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Sunday, April 24, 2011

Dynamic Polymorphism - A Real time example

In this blog post we are going to see, how to achieve dynamic polymorphism in c# using interfaces through a small game simulator called "War".

 The simulator is simple and straight forward to play. The user just need to select a weapon and click on "Attack".
Let me explain some theoretical background about "Dynamic Polymorphism" before dive into implementing the Game simulator. To put in a simple terms, Dynamic Polymorphism means changing the behavior at run time. Let us see an example of what does it mean. If a dog smells a cat, it will bark and if it smells a food, it will salivate. Here, the smelling sense of the dog is same. But depending on what does it smell, it change its behavior. Hope now you are aware of what is mean by dynamic polymorphism. Just stop reading and think what is the dynamic polymorphic behavior here in the "War" simulator.
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Yes, you are absolutely correct!! The Attacking behavior is the dynamic polymorphic behavior. The behavior of attack button will vary with respect to the weapon the user has chosen. 

Fine.. Lets dive into the code!!

Step1: Design the Main Form
  1. Create a new Windows Forms Application and name it as "War"
  2. Rename the "Form1.cs" file to "MainForm.cs" and Click "Yes" to let the Visual Studio to do the renaming for you.
  3. Add a groupbox control and change its "Text" Property to "Weapon"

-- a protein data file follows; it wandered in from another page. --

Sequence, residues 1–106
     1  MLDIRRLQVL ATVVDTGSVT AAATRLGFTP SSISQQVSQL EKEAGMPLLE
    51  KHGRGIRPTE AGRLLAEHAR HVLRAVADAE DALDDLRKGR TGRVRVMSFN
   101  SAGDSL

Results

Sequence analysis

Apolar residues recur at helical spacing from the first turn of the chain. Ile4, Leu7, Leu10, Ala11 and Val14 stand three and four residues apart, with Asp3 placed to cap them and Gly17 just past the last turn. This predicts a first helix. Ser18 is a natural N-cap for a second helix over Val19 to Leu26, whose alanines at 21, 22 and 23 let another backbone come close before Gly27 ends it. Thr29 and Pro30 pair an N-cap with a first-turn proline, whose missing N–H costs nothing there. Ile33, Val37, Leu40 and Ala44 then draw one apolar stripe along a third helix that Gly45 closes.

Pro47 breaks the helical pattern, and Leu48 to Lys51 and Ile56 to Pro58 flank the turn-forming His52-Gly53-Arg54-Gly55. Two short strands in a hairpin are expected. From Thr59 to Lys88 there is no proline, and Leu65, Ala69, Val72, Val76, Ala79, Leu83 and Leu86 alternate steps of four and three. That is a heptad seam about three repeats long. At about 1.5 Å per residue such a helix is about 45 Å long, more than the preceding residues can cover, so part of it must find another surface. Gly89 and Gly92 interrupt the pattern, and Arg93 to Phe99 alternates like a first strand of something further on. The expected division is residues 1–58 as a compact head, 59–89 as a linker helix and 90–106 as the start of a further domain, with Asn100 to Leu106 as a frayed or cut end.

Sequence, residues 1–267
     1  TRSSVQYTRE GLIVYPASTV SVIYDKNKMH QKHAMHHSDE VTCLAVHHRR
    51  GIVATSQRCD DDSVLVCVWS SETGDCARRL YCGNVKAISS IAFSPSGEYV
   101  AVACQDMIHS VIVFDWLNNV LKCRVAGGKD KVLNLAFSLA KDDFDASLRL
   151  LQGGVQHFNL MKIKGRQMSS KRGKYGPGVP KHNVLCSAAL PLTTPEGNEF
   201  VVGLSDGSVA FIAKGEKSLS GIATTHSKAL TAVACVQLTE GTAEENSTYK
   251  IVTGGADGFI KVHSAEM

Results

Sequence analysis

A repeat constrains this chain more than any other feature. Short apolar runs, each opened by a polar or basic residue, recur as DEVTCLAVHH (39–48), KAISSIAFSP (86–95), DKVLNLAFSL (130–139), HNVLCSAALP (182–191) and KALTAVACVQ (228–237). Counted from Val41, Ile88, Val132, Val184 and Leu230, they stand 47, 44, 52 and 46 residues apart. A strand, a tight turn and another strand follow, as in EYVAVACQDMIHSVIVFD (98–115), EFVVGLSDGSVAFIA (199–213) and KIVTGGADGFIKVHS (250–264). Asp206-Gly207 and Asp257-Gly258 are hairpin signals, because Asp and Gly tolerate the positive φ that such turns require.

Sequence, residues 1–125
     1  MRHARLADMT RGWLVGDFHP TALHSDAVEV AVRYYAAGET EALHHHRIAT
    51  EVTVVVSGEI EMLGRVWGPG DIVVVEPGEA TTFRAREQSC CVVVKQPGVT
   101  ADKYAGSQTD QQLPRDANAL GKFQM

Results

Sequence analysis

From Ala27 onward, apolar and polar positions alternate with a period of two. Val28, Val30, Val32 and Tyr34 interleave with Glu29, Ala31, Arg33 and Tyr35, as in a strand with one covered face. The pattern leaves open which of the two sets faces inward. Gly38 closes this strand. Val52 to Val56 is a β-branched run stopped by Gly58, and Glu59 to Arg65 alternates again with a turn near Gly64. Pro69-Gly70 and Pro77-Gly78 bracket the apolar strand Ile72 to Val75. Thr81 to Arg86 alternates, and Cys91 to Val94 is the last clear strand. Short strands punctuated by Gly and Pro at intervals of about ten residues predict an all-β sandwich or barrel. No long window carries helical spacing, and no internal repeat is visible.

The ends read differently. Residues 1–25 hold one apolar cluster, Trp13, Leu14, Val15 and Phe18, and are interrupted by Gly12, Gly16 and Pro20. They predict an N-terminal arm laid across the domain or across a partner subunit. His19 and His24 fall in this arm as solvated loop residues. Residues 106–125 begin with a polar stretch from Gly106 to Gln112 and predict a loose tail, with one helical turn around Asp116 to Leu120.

4. Add three radio button controls inside the groupbox and change their "Text" Property to Sword, Gun and bomb respectively.
  5. Add a button control and change its "Text" property to "Attack!!".
  6. Rename the "Name " property of all the controls added to some meaningful names like rboSword for Sword Radiobutton
  7. The Final Finished will look like the screenshot in the beginning of this blog.  
 Step 2: Create an Interface called IWeapon
  1. Right click on the Project name "War" in the solution explorer and add a new interface file called "IWeapon.cs"
  2. This interface IWeapon will have a public method called "Attack" which defines a contract so that all the Weapon we are going to create should implement this IWeapon interface and provide the implementation code for the Attack() method
using System;
using System.Collections.Generic;
using System.Linq;
using System.Text;

namespace War
{
    interface IWeapon
    {
        void Attack();
    }
}

Step3: Create the concrete Weapon Classes 
  1. Add three class files to the "War" Project with the names "Sword.cs", ""Gun.cs", "Bomb.cs"
  2. These classes represents the actual weapons and that we are going use in our simulator. Each of these classes will implement the IWeapon interface and provide the implementation code for the "Attack()" method.
  3. Modify the class files as follows
Sword.cs
using System;
using System.Collections.Generic;
using System.Linq;
using System.Text;

namespace War
{
    class Sword : IWeapon
    {

        public void Attack()
        {
            System.Windows.Forms.MessageBox.Show("Sword!!");
        }
    }
}

Gun.cs
using System;
using System.Collections.Generic;
using System.Linq;
using System.Text;

namespace War
{
    class Gun : IWeapon
    {

        public void Attack()
        {
            System.Windows.Forms.MessageBox.Show("Gun!!");
        }
    }
}

Bomb.cs
using System;
using System.Collections.Generic;
using System.Linq;
using System.Text;

namespace War
{
    class Bomb : IWeapon
    {

        public void Attack()
        {
            System.Windows.Forms.MessageBox.Show("Bomb!!");
        }
    }
}
The Attack() method will show a message box with a text saying the weapon name being used.